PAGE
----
Costs per school breakfast drop more sharply than per-lunch costs as number served increases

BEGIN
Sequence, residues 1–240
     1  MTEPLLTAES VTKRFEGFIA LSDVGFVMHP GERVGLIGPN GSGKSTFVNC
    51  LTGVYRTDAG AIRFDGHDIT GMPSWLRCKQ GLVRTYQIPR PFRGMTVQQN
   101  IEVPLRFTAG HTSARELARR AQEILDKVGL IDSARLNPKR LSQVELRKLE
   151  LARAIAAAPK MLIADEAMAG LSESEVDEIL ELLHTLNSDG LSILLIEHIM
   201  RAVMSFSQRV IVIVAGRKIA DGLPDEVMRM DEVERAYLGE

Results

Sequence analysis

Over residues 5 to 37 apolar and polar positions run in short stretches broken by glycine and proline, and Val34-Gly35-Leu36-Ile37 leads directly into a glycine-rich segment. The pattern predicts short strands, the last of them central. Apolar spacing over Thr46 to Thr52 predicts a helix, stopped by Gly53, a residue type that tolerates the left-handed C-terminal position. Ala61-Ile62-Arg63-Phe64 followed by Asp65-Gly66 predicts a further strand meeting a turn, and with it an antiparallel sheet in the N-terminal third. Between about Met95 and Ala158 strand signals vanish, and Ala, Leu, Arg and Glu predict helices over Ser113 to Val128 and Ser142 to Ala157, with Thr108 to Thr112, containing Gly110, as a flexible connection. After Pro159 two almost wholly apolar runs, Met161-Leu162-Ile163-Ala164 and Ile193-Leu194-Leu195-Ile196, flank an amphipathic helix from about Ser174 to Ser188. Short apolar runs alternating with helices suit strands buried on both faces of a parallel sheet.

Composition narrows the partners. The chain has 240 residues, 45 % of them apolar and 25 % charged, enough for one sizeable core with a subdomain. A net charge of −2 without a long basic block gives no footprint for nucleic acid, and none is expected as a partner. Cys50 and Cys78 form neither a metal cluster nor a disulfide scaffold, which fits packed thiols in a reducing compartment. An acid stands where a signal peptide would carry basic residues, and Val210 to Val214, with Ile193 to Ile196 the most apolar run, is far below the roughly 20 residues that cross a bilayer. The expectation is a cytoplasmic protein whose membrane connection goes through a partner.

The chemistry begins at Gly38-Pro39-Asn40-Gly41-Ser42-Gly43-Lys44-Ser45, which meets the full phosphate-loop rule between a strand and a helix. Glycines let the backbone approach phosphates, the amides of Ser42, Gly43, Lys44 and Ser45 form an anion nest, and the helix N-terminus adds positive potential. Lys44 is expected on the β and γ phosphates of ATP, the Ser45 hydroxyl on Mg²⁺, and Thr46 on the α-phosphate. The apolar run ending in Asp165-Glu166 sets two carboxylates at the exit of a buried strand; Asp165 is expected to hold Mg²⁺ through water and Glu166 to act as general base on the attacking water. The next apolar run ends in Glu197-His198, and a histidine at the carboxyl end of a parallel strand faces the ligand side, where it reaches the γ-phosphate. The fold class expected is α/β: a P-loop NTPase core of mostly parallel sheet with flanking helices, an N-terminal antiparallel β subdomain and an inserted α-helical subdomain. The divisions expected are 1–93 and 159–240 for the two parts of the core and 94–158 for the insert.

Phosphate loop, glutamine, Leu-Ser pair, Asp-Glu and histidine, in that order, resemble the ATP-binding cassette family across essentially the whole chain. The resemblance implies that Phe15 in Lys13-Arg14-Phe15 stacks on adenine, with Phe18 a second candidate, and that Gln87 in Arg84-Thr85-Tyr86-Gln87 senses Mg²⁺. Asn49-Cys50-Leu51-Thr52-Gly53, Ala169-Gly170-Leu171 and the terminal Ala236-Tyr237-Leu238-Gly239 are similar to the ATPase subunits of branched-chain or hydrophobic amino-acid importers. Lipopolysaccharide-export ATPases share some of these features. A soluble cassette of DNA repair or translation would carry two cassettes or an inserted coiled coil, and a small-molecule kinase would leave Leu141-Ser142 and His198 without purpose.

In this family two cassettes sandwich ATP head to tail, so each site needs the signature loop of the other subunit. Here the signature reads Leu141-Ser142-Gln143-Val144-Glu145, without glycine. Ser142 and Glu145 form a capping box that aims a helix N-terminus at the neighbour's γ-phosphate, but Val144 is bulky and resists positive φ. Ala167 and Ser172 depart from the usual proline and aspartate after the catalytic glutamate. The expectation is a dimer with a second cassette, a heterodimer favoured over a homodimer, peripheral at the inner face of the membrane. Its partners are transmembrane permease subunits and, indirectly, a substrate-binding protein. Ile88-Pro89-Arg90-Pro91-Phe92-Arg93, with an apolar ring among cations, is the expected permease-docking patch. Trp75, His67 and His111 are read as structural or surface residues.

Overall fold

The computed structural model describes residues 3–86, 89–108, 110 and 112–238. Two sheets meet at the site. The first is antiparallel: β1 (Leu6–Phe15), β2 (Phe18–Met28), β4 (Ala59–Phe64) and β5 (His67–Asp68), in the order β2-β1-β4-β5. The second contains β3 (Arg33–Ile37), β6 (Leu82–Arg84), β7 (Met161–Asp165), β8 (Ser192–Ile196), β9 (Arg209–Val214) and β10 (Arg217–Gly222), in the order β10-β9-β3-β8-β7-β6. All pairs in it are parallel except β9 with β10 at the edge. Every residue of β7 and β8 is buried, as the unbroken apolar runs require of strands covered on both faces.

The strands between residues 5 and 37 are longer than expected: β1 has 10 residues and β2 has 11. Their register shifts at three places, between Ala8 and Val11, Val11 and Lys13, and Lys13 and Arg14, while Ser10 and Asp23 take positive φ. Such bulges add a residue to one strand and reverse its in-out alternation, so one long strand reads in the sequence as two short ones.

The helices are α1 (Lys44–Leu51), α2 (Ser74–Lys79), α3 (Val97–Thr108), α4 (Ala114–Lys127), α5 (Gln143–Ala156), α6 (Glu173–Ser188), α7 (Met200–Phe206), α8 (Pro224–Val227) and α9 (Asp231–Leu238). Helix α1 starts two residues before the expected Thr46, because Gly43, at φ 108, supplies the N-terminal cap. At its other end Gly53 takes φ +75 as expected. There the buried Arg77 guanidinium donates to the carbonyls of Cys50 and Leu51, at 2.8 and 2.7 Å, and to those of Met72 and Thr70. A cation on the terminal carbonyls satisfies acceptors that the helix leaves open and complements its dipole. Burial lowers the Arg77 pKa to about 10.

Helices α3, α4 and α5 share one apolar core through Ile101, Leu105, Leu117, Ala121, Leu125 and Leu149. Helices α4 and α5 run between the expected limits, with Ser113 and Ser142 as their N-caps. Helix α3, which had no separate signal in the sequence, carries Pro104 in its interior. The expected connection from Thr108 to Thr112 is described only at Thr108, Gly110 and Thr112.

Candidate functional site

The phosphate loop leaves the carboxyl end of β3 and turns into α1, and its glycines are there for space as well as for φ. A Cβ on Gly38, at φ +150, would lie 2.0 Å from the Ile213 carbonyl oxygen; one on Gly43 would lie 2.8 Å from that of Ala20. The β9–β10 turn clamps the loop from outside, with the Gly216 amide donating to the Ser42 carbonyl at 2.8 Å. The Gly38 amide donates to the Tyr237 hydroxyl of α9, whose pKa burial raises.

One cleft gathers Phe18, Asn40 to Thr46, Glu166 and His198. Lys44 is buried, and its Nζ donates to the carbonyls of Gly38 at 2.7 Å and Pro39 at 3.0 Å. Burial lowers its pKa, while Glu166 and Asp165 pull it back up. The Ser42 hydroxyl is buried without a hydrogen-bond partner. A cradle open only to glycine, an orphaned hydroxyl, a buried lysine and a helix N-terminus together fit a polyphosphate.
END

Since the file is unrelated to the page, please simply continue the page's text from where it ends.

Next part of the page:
Across America, on a typical school day more than 30 million children sit down to meals prepared and served through USDA’s National School Lunch Program and 13.5 million through the School Breakfast Program. Some school districts serve as many breakfasts as lunches, but other districts serve mainly lunches. Since production costs often depend on volume, this smaller number of breakfasts served raises questions about how per-breakfast costs compare with per-lunch costs. To examine how size affects costs, ERS researchers used data from a 2004 national survey (latest regionally representative cost data available) of local school food authorities (SFAs). The researchers constructed cost indices to examine how breakfast and lunch costs would vary if more meals were served. They found that for all three urbanicity types—urban, suburban, and rural—per-breakfast costs dropped by about 50 percent as the number of breakfasts grew from below average to above average. Because SFAs were already serving more lunches, lunch costs also dropped, but by just 20 percent. This chart appears in “Schools Vary—And That Means Meal Costs Vary Too” in the December 2015 issue of ERS’s Amber Waves magazine.
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